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Zapien ready to zero in on a stronger Pasadena program

March 18, 2019

The sport that David Zapien thought he had put in his rear-view mirror for good after his freshman year in high school is now at the forefront to the athletic life he has embraced since his youth.

At age 34 or about 20 years after Zapien waved goodbye to Sam Rayburn High School’s football program so he could concentrate on cross country, is on a football field-shaped Cloud 9, complete with goalposts, now that he’s been named Pasadena High School’s new head football coach.

“It still hasn’t sunk in yet. It’s exciting. Trying to go from what coach (Jeff) Ganske has done for 30 plus years and building upon that, is something that’s going to be new to the kids with a little different philosophy. The enthusiasm is up and everybody’s excited,” Zapien said.

Life can be so unpredictable and this is about as unpredictable as one can get.

Who could have ever guessed that a former Sam Rayburn High School cross country runner would one day be named to lead Pasadena’s football program?

On Fridays in the fall of 2001, cross country was Zapien’s world not football. The only Friday night lights he knew then were either at his house or driving down Spencer Highway.

Sure, Zapien may have been in the seats for the Sam Rayburn-South Houston football game on Oct. 26, 2001 in what turned out to be a barnburner, with the Trojans prevailing in overtime 37-36, but on the morning of Oct. 26, 2001, football was the furthest thing from his mind.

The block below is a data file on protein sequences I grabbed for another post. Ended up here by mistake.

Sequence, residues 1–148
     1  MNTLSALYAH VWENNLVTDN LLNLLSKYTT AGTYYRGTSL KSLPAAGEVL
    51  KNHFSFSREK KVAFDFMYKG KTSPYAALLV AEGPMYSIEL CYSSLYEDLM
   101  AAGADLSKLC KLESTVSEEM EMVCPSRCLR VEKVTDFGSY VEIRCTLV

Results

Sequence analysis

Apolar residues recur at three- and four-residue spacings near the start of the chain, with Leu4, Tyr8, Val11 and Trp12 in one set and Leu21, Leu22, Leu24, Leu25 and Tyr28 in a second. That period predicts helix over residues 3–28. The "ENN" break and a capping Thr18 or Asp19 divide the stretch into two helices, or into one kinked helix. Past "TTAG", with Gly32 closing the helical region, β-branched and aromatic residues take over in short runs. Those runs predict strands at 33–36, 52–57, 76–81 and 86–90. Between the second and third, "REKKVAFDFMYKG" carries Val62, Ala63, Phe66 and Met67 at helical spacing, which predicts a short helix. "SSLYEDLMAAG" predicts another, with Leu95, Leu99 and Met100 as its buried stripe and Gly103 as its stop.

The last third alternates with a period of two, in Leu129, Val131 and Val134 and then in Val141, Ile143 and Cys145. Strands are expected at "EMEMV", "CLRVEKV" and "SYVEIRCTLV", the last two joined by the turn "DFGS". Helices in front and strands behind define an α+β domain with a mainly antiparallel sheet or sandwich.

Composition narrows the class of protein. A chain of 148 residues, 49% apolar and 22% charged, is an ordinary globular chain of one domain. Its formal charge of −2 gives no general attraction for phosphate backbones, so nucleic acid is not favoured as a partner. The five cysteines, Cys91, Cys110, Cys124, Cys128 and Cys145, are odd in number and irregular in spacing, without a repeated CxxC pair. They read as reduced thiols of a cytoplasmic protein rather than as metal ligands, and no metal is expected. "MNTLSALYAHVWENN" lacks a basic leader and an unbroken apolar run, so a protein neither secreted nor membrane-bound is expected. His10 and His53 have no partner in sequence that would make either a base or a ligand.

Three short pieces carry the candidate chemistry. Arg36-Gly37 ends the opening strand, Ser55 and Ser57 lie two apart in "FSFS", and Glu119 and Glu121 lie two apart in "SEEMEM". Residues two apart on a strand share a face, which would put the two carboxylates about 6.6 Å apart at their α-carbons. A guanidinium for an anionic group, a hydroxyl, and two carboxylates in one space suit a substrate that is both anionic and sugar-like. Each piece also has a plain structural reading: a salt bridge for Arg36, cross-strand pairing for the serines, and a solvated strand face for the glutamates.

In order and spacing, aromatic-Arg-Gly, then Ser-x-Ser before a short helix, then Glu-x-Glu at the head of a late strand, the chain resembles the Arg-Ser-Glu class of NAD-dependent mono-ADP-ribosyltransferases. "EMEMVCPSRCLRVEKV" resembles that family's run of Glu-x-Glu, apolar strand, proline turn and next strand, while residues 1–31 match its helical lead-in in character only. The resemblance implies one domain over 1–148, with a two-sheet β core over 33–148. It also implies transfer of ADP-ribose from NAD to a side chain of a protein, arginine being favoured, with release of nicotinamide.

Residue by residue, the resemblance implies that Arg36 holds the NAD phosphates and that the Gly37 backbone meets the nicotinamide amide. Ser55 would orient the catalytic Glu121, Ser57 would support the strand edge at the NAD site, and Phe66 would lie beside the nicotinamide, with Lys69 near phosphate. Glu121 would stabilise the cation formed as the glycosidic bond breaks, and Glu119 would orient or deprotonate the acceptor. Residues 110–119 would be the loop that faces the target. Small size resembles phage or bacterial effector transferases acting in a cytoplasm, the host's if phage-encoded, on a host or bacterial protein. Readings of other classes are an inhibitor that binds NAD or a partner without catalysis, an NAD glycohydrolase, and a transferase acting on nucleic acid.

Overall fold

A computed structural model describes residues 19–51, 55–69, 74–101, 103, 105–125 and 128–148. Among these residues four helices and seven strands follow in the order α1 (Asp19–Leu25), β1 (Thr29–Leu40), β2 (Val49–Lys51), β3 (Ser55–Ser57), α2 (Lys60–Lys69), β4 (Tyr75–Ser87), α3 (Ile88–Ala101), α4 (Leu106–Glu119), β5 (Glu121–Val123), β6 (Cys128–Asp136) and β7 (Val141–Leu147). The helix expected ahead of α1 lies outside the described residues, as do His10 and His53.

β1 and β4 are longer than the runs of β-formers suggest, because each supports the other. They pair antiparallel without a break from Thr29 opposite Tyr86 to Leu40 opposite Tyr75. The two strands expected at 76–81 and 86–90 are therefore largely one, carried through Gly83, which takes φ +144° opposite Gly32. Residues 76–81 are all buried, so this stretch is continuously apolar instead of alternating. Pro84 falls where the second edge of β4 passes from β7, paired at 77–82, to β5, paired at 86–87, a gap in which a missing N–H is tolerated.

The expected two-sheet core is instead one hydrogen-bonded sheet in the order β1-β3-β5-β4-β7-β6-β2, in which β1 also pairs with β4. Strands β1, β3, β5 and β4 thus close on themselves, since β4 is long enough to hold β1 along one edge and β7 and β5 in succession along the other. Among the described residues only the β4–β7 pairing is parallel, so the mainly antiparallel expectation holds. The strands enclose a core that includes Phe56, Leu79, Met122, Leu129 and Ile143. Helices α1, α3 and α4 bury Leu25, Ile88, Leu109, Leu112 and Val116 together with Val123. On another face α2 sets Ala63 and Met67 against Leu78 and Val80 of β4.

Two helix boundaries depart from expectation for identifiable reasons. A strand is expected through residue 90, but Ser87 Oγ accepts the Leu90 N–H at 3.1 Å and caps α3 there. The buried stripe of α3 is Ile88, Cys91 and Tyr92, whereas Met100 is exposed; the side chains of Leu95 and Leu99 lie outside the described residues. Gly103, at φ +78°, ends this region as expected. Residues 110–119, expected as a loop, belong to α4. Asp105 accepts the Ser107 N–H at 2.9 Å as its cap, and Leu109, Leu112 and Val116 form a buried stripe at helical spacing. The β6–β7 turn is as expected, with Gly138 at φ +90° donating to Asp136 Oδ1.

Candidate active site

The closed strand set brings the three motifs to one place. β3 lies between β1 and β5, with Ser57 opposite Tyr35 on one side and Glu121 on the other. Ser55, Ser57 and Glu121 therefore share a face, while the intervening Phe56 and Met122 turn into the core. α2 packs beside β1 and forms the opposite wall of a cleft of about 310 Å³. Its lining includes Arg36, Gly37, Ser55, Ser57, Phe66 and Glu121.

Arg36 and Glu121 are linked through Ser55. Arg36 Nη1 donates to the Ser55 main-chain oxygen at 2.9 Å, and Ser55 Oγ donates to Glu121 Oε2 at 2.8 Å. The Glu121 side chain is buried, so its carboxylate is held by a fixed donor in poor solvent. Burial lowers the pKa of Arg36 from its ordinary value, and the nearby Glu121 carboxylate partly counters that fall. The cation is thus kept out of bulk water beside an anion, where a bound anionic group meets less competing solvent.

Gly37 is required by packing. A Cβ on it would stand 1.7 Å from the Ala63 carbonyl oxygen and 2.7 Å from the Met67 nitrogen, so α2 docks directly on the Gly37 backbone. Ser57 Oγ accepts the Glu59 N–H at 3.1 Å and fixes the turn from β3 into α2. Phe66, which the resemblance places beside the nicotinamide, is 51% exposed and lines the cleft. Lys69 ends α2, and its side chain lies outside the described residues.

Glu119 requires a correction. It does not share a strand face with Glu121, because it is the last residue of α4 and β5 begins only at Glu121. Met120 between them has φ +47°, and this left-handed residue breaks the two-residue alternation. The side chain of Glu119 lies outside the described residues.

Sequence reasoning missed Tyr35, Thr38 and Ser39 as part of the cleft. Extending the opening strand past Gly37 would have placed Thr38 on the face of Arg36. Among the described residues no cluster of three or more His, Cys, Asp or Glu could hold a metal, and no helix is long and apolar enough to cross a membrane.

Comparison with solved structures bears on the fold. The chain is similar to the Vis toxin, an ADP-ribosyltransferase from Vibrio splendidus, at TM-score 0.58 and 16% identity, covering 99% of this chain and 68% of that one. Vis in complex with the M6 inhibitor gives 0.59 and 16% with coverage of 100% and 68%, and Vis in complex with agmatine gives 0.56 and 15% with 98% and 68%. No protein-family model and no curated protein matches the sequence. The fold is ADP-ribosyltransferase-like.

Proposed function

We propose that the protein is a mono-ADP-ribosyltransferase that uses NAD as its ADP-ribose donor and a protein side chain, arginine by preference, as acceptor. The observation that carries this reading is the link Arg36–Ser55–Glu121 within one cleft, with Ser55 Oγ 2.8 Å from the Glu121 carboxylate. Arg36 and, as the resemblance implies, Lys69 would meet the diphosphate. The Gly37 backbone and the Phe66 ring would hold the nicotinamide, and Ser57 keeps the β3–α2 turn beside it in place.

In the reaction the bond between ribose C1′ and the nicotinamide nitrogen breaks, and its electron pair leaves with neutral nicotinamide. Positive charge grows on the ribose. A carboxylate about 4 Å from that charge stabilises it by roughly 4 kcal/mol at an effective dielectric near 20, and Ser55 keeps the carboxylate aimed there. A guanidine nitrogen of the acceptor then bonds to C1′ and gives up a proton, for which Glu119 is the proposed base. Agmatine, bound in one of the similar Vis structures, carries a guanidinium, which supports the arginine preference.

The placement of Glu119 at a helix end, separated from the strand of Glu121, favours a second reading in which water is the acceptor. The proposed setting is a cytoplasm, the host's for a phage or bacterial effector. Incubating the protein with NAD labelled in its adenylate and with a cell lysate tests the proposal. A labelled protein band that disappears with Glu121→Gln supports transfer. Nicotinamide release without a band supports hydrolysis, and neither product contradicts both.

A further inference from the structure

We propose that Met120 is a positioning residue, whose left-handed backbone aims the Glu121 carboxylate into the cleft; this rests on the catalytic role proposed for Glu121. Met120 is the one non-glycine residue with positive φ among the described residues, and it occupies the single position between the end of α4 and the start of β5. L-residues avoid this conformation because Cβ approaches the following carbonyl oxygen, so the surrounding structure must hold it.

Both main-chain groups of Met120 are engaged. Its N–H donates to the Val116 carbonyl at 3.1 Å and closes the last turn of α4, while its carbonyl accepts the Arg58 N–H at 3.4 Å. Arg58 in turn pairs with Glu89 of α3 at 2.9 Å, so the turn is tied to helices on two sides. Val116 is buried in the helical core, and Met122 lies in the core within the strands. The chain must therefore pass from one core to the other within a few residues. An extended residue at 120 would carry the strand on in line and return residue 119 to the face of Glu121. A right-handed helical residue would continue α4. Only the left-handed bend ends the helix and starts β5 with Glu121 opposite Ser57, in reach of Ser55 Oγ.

Zapien was at Deussen Park, the grass covered in morning dew, as he and six fellow Rayburn runners toed the starting line for the District 22-5A cross country championship.

The chances of Rayburn advancing to the regional run appeared slim. Eventual 5A state champion Kingwood dominated the Deussen Park course that morning. With all seven Kingwood runners finishing in the top 14, Zapien couldn’t break up the pack. He did give Rayburn its fifth and final scoring runner, 27th place, reaching the finish line in 16:36. For scoring purposes, he was 26th.

Like that morning and all the other mornings he departed a cross country starting line, Zapien was fond of competing, no matter if a future state champion was at the line with him or not.

Now at age 34, it’ll be Zapien’s opportunity to try and make Pasadena’s football program fond of competing.

“For us, we’ve got to get more numbers. We’re trying to get more kids out who haven’t been playing. This year, in terms of freshmen and JV and varsity, I think we have a net gain of over 10 kids. Now we have a person in charge of that,” Zapien said.

As long as anyone can remember, Pasadena has always had concerns with depth because the numbers in the program aren’t strong. Zapien says Pasadena’s numbers are equal to a 4A and even a 3A program. He should know since one of his football stops before returning to his hometown was at West Oso High School in Corpus Christi, currently a 4A school.

“On Monday, I went to Queens and today, I’m going to Jackson so it’s just non-stop of introducing myself and making sure we have those connections. After spring break, we’re going to two days a week to Jackson and two days a week to Queens. Hopefully, we’ll start building numbers and they’ll stay up. It’s going to take a couple of years, but I think we’ll get there,” Zapien said.